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Technical Foundations for Smart Connected Systems

Three foundational areas of smart connected systems with representative icons are shown: connectivity, devices and infrastructures, and people and processes. Trustworthiness concerns of security, safety, reliability, resilience, and privacy are in circle around smart connected systems.

The Smart Connected Systems Division (SCSD) has developed a series of foundational systems engineering frameworks, often published as NIST Special Publications, which provide vision, insights, principles, organizing structures, and voluntary guidance and best practices to help advance broad technical sector-based areas of engagement in cooperation with our stakeholders. As a non-regulatory federal agency with a mission to promote U.S. innovation and industrial competitiveness, NIST has a long history of successfully addressing critical national issues through partnerships with industry, academia, and other government agencies. SCSD and its collaborators have led such efforts through industry outreach, public technical working groups, workshops, frameworks, and standards activities.

One of NIST’s original frameworks is the NIST Framework and Roadmap for Smart Grid Interoperability Standards, Release 1.0, developed in response to the Energy Independence and Security Act of 2007 (EISA), which gave NIST “primary responsibility to coordinate development of a framework that includes protocols and model standards for information management to achieve interoperability of smart grid devices and systems."  Our Smart Grid Program (and SCSD Smart Grid Group), in partnership with other NIST Laboratories and external stakeholders, has led the effort over many years to periodically revise the NIST Smart Grid Interoperability Framework to reflect new industry conditions and technology advancements. Our most recent NIST Framework and Roadmap for Smart Grid Interoperability Standards, Release 4.0, is a major revision: it introduces new Communication Pathways Scenarios and an ontology for the smart grid; introduces new concepts in grid operations and economics; provides guidance on cybersecurity practices and tools; and develops the concept of Interoperability Profiles to support grid functionality and facilitate testing and certification.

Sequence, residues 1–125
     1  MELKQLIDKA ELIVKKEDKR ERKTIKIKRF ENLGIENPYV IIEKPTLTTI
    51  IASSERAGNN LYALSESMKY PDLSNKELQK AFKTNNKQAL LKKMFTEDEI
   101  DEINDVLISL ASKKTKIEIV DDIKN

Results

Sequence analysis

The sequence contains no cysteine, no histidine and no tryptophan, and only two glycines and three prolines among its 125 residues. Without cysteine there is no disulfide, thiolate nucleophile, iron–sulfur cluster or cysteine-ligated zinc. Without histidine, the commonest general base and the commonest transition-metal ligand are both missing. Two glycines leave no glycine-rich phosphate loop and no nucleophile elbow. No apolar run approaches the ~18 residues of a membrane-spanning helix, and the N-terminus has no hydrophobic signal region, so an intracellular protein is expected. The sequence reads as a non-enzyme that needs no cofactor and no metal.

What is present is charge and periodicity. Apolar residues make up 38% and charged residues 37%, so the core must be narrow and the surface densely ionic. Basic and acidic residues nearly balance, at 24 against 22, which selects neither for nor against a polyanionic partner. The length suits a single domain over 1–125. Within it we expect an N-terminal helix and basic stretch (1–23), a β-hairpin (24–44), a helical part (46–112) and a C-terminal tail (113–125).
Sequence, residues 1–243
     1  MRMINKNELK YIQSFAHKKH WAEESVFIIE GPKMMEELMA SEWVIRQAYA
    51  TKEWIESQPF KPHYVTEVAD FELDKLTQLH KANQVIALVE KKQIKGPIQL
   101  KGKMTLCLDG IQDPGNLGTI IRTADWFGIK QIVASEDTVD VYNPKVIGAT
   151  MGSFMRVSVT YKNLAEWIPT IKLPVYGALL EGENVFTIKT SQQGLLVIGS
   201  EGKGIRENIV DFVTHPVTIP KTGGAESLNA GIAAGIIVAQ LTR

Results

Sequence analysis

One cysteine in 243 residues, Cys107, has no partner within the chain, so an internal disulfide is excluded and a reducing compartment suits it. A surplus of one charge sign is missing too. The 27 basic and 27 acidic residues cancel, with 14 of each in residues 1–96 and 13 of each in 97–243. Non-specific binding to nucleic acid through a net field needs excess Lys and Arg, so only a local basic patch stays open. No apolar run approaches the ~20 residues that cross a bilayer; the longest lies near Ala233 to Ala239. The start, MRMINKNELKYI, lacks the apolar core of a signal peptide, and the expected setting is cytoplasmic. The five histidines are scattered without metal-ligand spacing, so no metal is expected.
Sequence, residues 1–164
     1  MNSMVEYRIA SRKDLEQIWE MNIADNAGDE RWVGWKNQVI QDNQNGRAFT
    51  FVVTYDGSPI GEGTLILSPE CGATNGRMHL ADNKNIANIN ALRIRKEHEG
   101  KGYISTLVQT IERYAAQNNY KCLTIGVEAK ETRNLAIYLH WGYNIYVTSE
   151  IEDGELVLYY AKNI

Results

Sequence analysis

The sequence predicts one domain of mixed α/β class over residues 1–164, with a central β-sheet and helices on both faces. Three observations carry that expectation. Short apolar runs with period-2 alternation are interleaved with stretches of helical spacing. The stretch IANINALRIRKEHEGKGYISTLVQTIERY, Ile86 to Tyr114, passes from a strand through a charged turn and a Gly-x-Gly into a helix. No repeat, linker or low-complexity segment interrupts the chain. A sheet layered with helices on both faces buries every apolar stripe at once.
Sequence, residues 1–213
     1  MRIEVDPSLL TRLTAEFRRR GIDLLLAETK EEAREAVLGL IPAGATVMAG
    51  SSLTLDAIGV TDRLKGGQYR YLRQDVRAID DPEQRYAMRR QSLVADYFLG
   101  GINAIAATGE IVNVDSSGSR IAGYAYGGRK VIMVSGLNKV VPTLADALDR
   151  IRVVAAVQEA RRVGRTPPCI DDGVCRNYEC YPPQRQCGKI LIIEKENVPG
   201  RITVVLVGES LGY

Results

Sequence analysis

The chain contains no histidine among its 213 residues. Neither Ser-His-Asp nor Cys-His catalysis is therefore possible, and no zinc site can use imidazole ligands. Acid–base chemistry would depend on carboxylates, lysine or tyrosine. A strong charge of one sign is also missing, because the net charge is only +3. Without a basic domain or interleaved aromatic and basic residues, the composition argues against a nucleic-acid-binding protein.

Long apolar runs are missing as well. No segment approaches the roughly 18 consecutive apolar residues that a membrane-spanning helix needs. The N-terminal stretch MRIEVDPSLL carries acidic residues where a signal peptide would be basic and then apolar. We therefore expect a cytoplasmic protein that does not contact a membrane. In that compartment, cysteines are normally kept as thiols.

Another foundational framework is NIST’s Framework for Cyber-Physical Systems (or NIST CPS/IoT Framework), consisting of 3 volumes: Volume 1, Overview (SP 1500-201); Volume 2, Working Group Reports (SP 1500-202); and Volume 3, Timing Annex (SP 1500-203). NIST CPS/IoT Framework development is led by the SCSD IoT Devices and Infrastructure Group, and it builds on completed efforts in the NIST-established CPS Public Working Group to define and shape key characteristics of CPS and IoT, to better manage development and implementation within and across multiple smart application domains. The resulting NIST CPS/IoT Framework provides an organized presentation of a CPS analysis methodology based on the core concepts of Facets (modes of the system engineering process: conceptualization, realization, and assurance) and Aspects (clusters of concerns: functional, communications, business, human, trustworthiness, timing, data, composition, boundaries, and lifecycle). As described in NIST Special Publication 1900-202 Cyber-Physical Systems and Internet of Things, CPS and IoT concepts are converging, and a unifying definition is presented: CPS and IoT comprise interacting logical, physical, transducing, and human components engineered for function through integrated physics and logic.